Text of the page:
Apple confirms iPhone to get USB-C charging to comply with EU law



Apple will “comply” with European Union regulation that requires electronic devices to be equipped with USB-C charging, said Greg Joswiak, Apple’s senior vice president of worldwide marketing. That will mean Apple’s iPhones, which currently use its proprietary Lightning charging standard, will need to change to support USB-C.

Jakub Porzyck | Nurphoto | Getty Images

Apple will have to comply with a European Union law that mandates electronic devices have a common charging standard — known as USB-C — the company’s marketing chief confirmed.

“Obviously we’ll have to comply,” Greg Joswiak, Apple’s senior vice president of worldwide marketing, said at the Wall Street Journal Tech Live conference on Tuesday.

On Monday, ministers from EU member states gave the final approval to the common charger law which means that by 2024, electronic devices including mobile phones and tablets will need to support USB-C charging.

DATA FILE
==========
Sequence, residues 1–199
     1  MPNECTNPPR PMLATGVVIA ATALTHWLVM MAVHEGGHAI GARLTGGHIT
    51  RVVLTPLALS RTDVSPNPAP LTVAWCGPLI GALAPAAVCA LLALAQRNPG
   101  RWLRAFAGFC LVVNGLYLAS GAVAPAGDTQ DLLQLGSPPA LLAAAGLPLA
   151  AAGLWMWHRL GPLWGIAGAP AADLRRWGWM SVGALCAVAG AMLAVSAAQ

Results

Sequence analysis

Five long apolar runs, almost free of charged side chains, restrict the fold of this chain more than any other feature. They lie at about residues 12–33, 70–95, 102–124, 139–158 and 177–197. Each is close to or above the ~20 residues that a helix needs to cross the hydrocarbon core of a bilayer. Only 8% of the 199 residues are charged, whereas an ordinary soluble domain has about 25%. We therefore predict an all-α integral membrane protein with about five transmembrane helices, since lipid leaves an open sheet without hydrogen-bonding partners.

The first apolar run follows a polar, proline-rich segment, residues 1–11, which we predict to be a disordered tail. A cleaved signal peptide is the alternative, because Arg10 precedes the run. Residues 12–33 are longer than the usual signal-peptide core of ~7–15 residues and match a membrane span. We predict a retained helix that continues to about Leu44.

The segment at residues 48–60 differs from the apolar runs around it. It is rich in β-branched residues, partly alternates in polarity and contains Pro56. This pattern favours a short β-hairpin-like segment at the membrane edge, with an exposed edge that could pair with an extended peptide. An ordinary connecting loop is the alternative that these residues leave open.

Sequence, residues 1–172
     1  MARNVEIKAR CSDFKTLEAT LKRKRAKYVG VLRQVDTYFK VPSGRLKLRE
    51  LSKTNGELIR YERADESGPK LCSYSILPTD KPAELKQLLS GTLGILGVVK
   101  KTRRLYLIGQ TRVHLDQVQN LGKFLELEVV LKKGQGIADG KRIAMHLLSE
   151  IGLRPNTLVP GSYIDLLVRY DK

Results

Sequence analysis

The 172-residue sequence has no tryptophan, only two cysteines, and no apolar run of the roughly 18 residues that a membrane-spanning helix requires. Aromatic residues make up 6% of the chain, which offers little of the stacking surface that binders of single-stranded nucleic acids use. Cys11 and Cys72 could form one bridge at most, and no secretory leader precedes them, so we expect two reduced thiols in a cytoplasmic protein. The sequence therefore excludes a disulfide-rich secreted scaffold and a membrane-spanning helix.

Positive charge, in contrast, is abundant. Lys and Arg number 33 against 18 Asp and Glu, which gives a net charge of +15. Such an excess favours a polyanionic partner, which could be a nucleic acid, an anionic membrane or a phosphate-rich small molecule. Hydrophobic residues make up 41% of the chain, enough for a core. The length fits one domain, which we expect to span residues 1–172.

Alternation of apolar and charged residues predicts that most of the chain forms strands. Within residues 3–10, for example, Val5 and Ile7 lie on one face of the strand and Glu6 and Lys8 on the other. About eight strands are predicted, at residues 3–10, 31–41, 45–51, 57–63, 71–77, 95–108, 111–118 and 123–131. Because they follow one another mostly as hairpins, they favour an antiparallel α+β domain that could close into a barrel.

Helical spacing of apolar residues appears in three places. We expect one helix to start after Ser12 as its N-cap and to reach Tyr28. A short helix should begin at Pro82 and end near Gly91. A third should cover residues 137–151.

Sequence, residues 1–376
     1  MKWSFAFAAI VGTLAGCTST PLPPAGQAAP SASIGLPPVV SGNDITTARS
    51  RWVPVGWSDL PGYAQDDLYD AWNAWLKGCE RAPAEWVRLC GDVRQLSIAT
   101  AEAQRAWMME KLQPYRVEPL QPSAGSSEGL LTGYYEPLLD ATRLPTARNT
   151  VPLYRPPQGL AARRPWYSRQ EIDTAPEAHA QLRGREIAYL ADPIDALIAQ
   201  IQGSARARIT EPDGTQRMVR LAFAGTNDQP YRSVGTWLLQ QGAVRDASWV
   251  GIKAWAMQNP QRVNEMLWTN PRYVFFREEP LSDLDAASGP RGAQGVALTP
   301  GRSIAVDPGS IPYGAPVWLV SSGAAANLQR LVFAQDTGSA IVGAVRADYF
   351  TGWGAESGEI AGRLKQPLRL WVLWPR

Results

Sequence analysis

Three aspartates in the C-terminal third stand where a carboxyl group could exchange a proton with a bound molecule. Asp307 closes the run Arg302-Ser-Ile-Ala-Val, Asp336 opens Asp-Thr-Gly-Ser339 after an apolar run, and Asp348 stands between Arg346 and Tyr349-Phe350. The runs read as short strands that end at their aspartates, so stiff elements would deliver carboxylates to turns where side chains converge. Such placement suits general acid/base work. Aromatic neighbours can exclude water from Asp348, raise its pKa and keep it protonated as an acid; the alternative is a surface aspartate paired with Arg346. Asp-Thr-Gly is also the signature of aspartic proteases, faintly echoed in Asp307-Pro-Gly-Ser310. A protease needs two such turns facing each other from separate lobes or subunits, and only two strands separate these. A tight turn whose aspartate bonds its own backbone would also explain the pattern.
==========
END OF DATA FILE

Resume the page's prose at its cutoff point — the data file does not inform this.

The European Council’s stamp of approval comes after other EU legislative bodies voted in favor of the law which has been around 10 years in the making.

Apple’s iPhone uses its proprietary Lightning charger. Under upcoming EU law, the iPhone would need to support USB-C.

Joswiak did not say when Apple would introduce USB-C to its flagship smartphone but it would need to happen by 2024.

Analysts previously told CNBC that iPhones scheduled to be released in 2023 could be equipped with USB-C charging and that Apple is likely to introduce the standard globally, not just in the European Union.

EU lawmakers argue the rules will reduce wastage as consumers do not need to buy a new charger every time they purchase a device. The EU said that this will reduce production and the disposal of new chargers.

Joswiak took a swipe at the EU for the charging law, admitting that the two sides have been in a “little bit of a disagreement.”

“We think the approach would have been better environmentally and better for our customers to not have a government be that prescriptive,” Joswiak said.


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